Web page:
I knew that Deprivation Week was having it’s impacts on me but this was a new one. And with my vast (nearly 5 days) experience of Deprivation Week, a surprising one. I knew about the sleep issues, the cravings and the need for projects. In hindsight I could feel that all week I was a little extra Nina (if you will) a bit more of what makes me, me. I had spent a lot of time with my family. Driving to or from school/dance/Poekoelan, making and eating dinner. So I hadn’t been in a large group this week. Then I went to Nikki’s show at Curious Comedy Theater.
My job for these nights is driver/roadie. So I get there before the rest of the audience is allowed in. As soon as people started coming in I became someone else. Deprivation Week + large group of people = Cruise Director Julie McCoy! You know, from the Love Boat. I was talking up a storm. Meeting and greeting family, acquaintances and strangers alike. Chatting it up like it was my job. It was like a need I couldn’t resist. I had to do it! Correction I did it, it wasn’t a choice.
It was a smaller crowd than normal and a few of the comedians commented that we (the audience) were more quiet than normal. I then became hyper aware of my laughing. For those of you who don’t know, I am a loud laugher. I always have been. In college people always knew when I was in the audience. And this night was no different.
I had to take a moment and think… I looked at my wine glass, I was only half way through, I wasn’t drunk, I didn’t think I was being louder than normal, it must have been everyone was being quiet… I did not like this kind of internal dialogue at a comedy show of all place. I mean come on, I was there to laugh. Weren’t we all there to laugh? I just needed the rest of the audience to step it up! For the longest time it was just me or me and a woman in the back who was more commenting then laughing. I ate my popcorn and my spinach/artichoke dip, drank my wine and my water and tried to will everyone to laugh with me.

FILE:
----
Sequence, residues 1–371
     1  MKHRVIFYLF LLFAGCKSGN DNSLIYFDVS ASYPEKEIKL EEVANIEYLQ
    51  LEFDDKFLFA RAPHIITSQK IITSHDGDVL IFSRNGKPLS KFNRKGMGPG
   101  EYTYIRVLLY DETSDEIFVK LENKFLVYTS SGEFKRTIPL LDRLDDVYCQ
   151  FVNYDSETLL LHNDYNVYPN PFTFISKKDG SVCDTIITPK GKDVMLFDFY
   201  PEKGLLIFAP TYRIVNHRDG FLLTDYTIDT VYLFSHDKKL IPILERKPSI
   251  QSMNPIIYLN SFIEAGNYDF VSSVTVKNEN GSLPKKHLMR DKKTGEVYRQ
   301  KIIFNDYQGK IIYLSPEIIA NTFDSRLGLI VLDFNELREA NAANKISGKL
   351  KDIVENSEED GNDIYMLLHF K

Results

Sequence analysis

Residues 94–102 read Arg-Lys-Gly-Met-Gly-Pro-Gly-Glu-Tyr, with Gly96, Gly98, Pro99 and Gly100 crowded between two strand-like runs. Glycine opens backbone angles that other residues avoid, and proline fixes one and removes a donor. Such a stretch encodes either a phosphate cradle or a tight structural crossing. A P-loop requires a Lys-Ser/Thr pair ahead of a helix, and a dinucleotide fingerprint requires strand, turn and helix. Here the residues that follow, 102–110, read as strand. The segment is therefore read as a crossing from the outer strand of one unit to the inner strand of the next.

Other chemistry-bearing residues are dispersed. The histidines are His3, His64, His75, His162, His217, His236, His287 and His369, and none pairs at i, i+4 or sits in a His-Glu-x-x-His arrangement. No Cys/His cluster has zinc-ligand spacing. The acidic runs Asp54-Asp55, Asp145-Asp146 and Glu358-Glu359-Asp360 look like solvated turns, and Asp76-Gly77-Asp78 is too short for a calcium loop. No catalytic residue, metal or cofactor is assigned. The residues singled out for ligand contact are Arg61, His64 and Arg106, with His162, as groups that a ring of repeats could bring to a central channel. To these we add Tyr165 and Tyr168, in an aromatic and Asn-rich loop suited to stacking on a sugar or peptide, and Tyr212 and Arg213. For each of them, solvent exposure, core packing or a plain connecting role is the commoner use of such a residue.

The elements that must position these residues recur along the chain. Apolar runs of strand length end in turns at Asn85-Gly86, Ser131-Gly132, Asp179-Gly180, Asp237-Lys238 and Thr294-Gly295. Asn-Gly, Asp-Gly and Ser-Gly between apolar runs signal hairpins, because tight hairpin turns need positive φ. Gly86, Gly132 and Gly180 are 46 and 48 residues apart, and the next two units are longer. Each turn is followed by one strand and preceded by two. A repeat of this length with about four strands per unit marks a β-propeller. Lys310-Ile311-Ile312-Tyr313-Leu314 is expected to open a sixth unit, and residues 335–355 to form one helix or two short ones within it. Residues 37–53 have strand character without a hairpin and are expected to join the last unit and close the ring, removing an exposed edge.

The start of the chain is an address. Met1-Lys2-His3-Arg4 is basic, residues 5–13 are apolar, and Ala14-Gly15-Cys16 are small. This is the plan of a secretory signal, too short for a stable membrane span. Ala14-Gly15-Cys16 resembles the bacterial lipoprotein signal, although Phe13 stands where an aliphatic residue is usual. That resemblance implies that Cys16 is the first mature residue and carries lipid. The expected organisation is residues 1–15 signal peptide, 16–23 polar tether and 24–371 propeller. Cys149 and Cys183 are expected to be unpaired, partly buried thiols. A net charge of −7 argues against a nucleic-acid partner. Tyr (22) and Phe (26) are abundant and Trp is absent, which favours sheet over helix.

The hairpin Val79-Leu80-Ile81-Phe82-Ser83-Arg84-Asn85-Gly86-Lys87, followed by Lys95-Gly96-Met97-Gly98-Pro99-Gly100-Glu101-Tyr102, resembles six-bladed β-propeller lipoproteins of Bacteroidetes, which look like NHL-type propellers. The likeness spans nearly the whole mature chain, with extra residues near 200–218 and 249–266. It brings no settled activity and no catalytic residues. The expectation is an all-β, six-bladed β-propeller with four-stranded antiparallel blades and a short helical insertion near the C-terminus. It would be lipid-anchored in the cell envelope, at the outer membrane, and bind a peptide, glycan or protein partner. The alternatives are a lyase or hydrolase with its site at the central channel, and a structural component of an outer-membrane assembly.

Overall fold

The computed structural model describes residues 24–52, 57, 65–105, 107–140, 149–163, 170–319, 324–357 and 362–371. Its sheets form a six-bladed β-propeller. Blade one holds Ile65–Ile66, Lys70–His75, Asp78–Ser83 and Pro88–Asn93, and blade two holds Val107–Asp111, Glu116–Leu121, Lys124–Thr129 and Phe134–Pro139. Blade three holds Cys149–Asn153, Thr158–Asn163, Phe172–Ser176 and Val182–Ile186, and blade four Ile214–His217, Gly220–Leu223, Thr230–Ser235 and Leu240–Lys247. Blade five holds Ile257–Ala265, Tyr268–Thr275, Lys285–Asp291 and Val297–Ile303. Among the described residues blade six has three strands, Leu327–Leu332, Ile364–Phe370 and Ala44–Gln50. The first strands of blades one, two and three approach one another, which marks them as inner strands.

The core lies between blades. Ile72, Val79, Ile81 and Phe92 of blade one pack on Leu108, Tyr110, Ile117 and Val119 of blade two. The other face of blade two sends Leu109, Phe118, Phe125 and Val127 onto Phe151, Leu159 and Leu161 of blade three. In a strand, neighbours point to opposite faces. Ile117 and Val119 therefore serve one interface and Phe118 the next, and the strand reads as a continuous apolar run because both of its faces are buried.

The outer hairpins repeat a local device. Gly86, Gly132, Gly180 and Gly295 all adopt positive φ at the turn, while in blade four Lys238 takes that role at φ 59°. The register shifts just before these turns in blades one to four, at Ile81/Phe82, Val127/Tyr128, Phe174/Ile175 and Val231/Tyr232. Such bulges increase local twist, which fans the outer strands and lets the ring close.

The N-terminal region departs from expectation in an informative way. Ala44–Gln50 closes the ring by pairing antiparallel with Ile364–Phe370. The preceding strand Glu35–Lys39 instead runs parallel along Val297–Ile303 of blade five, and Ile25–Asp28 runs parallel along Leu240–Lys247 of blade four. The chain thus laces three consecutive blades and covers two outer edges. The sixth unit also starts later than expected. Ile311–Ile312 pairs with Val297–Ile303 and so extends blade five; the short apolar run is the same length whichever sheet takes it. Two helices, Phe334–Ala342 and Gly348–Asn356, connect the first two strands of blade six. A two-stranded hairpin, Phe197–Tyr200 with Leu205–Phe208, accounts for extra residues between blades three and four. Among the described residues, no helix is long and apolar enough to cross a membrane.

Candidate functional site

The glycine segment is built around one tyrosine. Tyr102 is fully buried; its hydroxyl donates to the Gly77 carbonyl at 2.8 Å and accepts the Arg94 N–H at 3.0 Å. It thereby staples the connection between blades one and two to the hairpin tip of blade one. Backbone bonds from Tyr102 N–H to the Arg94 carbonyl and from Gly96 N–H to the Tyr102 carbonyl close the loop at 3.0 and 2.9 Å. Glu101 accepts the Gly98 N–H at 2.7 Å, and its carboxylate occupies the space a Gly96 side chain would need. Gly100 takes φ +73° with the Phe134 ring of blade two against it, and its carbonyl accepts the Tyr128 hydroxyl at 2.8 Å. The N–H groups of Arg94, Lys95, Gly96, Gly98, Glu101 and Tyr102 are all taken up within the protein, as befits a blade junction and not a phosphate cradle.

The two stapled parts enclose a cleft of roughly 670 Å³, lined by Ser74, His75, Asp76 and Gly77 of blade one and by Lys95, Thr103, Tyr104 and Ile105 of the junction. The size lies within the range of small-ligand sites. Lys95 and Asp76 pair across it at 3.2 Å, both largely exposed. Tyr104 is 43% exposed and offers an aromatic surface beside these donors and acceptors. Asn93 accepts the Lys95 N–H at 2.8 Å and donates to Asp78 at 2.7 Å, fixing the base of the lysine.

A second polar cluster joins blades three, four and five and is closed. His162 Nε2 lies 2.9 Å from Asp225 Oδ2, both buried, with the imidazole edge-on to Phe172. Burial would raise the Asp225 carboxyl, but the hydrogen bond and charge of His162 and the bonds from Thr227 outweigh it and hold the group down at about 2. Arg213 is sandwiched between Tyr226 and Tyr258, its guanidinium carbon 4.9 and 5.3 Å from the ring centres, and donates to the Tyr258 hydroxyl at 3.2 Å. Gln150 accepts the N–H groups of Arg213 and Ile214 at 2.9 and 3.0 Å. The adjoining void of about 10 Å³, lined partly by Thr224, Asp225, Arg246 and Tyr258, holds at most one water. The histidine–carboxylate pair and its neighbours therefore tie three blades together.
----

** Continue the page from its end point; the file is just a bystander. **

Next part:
No offense to the other talented women who performed that night, you know I think you’re great. But when my sister in law took the stage the audience was finally with me. I was no longer the loan laugher, no longer the crazy person sitting on the park bench laughing and talking to her imaginary pigeons. No, at last I was part of an audience at a comedy show! I don’t know what took those people so long to catch up but when they joined me it was bliss. Nikki was hitting every note and the audience was eating it up!
On the drive home I had time to dissecting and analyze my behavior. Was this another side effect of deprivation? Did I so need the stimulation that I was missing from reading, TV, iTunes and Netflix that I made that audience into my own Reading/TV/iTunes/Netflix? Up until that evening I was only focused on the negative of these things. The way I had let them become an addiction that I desperately clung to. My passive aggressive, non productive, fear of failure, fear of success, avoiding with a capital A activities of choice. Suddenly I was seeing something else they gave me. I’m not saying they are a healthy supplement to actual human interaction. But it was a new and interesting perspective on what had grown into a giant monster in just a weeks time. For a brief few hours Deprivation Week put me a few steps shy of manic. Not manic in a bad way. Manic like I was in high school and college. Manic – “showing wild and apparently deranged excitement and energy.” Not deranged. Just the wild excitement and energy part. Thank you New Oxford American Dictionary!
Every day is a school day (that’s for you Dad!) and I continue to learn as I live in Deprivation Week.